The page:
Greene King, owner of the Three Tuns on Watling Street and the Wheat Sheaf in Whitstable, has updated its website to acknowledge more fully the involvement of its founder Benjamin Greene in the slave trade. The brewery will be making a contribution to Black Lives Matter. We welcome these moves, and would like to suggest the idea that the pubs could work with the local branch of Black Lives Matter. The site says: “After founding the brewery, Benjamin went on to own cane sugar plantations in the West Indies where he was a slave owner. Even in the 1800s, his views on slavery were extremely unpopular and in the brewery’s home of Bury St Edmunds he wrote columns in his own newspaper that were critical of those campaigning for the abolition of slavery.”

Meanwhile, Professor Rama Thirunamachandran, Vice Chancellor Christ Church University, acted immediately to terminate the visiting professorship of David Starkey, describing his recent comments as “completely unacceptable”. He said: “Widely reported comments by historian David Starkey during a recent online interview are, in our view, completely unacceptable and do not reflect the values of our university and community.”

And the U3A is running a Zoom talk for its members on ‘Slavery, Race and Imperialism in Kent’. David Reekie, who is giving the lecture, said: “This talk has been inspired by the toppling of the statue of the slaver Edward Colston in Bristol recently. The Jutish Kingdom of Kent was almost certainly financed by a brisk trade in slaves across the Channel. Should we be campaigning to have King Ethelbert’s statue removed from Lady Wootton’s Green or is the current rewriting of history going too far?”

Articles of interest

An article in the Independent — ‘They got it right in Germany in 2020 – and in Canterbury 80 years ago – so why didn’t Boris Johnson learn this lesson?’ — makes a historic comparison with the effects of the pandemic. The author is Patrick Cockburn, our locally-based Middle East specialist on the Independent. There is a firewall but a free registration can be made for one article a month. 

Carl Wright of the Canterbury Climate Action Partnership wrote a piece for the Canterbury Journal recently  ‘Insulate our homes: save money and cut fuel poverty’ on proposals from the Canterbury Climate Action Partnership to change building regulations. The Journal is also running an article by Keith Bothwell on why the Canterbury Society has just submitted one of its most scathing reports on a planning application.

Rough Sleepers

Canterbury City Council is extending by a month the accommodation it is offering to rough sleepers at the Travelodge hotel. It has retained the use of 20 bedrooms until the end of July. During Lockdown it hosted over 30 people there. It says that, working with charities Porchlight and Catching Lives, it has found permanent homes for 18 people and helped two others reconnect with areas they previously had connections with. Talking of the 33 people it was housing at the Travelodge in late June, it says: “All but a small number of these have housing plans that will be realised in the next two to four weeks, such as rooms in shared houses or supported accommodation through local partner organisations.” It also “sadly” reports “that 13 individuals are currently known to be on the streets, either because they have lost their accommodation as a result of their actions or have chosen not to engage with the support available”.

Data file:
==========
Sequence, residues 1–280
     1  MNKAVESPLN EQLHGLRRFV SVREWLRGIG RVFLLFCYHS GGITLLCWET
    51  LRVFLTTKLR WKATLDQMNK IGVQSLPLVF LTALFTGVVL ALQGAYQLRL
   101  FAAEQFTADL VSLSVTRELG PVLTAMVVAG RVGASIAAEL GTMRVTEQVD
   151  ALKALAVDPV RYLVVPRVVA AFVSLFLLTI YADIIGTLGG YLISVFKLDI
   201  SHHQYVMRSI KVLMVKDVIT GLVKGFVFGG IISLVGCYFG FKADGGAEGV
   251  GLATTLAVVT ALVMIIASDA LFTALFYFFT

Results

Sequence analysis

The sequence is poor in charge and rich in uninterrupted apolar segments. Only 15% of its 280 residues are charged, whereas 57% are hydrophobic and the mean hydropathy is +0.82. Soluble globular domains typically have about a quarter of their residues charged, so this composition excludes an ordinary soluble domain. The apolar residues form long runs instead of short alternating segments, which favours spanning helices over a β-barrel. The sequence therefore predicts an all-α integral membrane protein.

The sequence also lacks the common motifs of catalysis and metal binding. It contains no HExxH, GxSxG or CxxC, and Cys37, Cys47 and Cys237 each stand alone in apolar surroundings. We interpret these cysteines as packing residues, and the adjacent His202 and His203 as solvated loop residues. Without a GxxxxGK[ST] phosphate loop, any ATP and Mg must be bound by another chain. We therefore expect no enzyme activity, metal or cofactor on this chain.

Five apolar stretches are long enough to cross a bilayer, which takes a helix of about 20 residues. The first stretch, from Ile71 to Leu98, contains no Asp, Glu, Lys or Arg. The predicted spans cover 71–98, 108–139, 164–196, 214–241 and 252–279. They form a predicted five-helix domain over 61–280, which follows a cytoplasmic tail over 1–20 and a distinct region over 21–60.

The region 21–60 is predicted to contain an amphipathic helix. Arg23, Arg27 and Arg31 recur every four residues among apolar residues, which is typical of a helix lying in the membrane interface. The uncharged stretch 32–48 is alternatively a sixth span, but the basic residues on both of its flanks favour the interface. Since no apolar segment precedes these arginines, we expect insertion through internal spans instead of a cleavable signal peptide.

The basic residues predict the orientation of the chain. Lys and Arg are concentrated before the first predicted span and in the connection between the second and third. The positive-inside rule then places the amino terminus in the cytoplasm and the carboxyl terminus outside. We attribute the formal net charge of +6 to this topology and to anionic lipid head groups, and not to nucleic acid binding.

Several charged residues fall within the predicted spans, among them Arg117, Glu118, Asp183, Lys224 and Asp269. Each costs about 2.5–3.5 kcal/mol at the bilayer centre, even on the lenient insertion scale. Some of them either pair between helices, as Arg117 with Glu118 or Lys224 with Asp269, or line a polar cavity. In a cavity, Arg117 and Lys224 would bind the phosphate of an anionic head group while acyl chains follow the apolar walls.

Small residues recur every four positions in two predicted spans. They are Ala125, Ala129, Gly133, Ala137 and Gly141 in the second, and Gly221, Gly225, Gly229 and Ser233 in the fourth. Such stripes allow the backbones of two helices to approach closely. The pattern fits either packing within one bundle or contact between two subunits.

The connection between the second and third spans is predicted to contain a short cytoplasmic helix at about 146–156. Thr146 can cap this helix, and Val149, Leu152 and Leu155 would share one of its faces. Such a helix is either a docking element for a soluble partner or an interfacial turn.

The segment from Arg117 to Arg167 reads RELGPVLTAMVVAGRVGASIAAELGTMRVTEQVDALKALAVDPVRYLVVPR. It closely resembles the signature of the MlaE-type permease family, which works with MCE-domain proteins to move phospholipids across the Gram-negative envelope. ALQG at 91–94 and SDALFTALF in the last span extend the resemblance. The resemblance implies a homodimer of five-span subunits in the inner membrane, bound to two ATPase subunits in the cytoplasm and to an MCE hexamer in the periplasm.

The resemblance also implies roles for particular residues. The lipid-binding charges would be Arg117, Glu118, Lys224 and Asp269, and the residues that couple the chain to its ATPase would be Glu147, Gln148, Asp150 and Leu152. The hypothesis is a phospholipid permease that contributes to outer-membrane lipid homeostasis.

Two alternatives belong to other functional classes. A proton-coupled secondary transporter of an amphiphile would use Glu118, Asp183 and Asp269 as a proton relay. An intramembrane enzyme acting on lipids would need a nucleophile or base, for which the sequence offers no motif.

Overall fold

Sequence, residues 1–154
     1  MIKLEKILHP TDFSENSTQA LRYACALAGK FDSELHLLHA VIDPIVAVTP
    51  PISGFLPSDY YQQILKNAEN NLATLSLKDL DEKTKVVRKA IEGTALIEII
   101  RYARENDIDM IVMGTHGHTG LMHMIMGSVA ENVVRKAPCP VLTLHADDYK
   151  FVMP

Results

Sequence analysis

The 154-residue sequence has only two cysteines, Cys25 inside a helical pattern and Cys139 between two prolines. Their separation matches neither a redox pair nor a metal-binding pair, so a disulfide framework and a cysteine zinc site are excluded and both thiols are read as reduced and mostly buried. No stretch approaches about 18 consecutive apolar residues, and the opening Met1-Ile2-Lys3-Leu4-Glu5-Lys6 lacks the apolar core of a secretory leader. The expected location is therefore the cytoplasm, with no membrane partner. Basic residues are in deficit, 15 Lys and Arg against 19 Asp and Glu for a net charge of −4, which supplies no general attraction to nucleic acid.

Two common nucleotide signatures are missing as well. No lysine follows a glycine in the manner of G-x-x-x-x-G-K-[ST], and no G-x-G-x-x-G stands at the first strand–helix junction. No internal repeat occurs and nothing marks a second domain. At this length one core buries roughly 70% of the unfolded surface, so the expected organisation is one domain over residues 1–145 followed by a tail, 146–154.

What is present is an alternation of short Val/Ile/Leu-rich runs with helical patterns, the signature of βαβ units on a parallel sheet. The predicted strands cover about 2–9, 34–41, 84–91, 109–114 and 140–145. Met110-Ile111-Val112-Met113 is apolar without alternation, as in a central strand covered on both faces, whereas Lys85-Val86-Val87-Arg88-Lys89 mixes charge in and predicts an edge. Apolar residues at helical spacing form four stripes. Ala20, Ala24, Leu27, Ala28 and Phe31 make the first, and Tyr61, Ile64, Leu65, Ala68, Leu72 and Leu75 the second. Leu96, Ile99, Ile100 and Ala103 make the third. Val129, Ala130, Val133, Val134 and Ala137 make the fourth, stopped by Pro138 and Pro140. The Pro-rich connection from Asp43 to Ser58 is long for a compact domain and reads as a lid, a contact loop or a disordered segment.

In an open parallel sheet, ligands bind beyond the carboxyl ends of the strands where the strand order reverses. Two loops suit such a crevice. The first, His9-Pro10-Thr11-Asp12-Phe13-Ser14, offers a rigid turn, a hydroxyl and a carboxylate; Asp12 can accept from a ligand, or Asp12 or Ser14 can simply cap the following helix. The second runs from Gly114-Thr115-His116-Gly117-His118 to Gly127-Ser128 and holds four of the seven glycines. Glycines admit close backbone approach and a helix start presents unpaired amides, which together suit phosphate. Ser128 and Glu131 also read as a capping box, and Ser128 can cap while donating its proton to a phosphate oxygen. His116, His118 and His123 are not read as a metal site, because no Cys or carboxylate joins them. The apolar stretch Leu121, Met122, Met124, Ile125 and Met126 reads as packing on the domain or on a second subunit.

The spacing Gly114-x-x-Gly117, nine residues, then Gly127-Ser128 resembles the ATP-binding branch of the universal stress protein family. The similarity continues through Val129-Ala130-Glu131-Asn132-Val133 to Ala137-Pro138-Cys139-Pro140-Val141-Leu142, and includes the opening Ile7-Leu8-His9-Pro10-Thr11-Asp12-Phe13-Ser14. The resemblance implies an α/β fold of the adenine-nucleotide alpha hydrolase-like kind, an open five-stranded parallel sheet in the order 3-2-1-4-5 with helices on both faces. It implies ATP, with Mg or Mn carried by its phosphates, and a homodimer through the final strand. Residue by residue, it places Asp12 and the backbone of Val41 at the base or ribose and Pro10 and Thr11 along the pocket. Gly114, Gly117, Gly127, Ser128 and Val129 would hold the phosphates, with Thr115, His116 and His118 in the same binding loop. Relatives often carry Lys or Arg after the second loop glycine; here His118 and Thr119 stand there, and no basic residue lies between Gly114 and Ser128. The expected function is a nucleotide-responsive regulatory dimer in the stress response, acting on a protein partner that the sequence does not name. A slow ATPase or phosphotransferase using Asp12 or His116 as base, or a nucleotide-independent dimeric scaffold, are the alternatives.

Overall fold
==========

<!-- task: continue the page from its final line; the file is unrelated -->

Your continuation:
From singing to science: U3A innovates and evolves through Lockdown

The 1,230-strong U3A (University of the Third Age) branch in ‘Canterbury & District’ has evolved and innovated its way through the Lockdown. Aware that its retired or semi-retired members are “cautious” about returning to physical meetings, Chair Christine Plant and colleagues have helped speakers, group leaders and learners use Zoom, Meet and other forms of technology to keep courses and communications going. “What’s made a big difference is people understanding the technology and then helping others to work it out,” she says. So ‘physics in the home’ videos have gone up on its Facebook group; Ursula Steiger’s famous singing group (120 people) is in weekly contact with pieces of music to listen to and emails; Zoom talks attract nearly 100 people (‘Great Writers in East Kent, for instance); and groups from Italian to Art are going strong.

Independence Day - footfall

The opening of pubs, cafes, hairdressers and other outlets on ‘Independence Day’ last Saturday did not result in vast crowds. Footfall numbers from Canterbury BID (Business Improvement District) show that the 8,234 trips along the High Street that day were about a third of the level of Saturdays in May 2019. The numbers were roughly double the averages of April this year (3,168) and May this year (4,549). The Canterbury News tracked the live BID data during the day. Only 1,281 trips had been made by 11am. After that it picked up to between 700 to 1,000 an hour up to 5pm. It then declined to 500, then 300 and 200. Barbers were busy. And lone women waited for their appointment outside many of the hairdressers, chatting to passers-by and generally enjoying the occasion.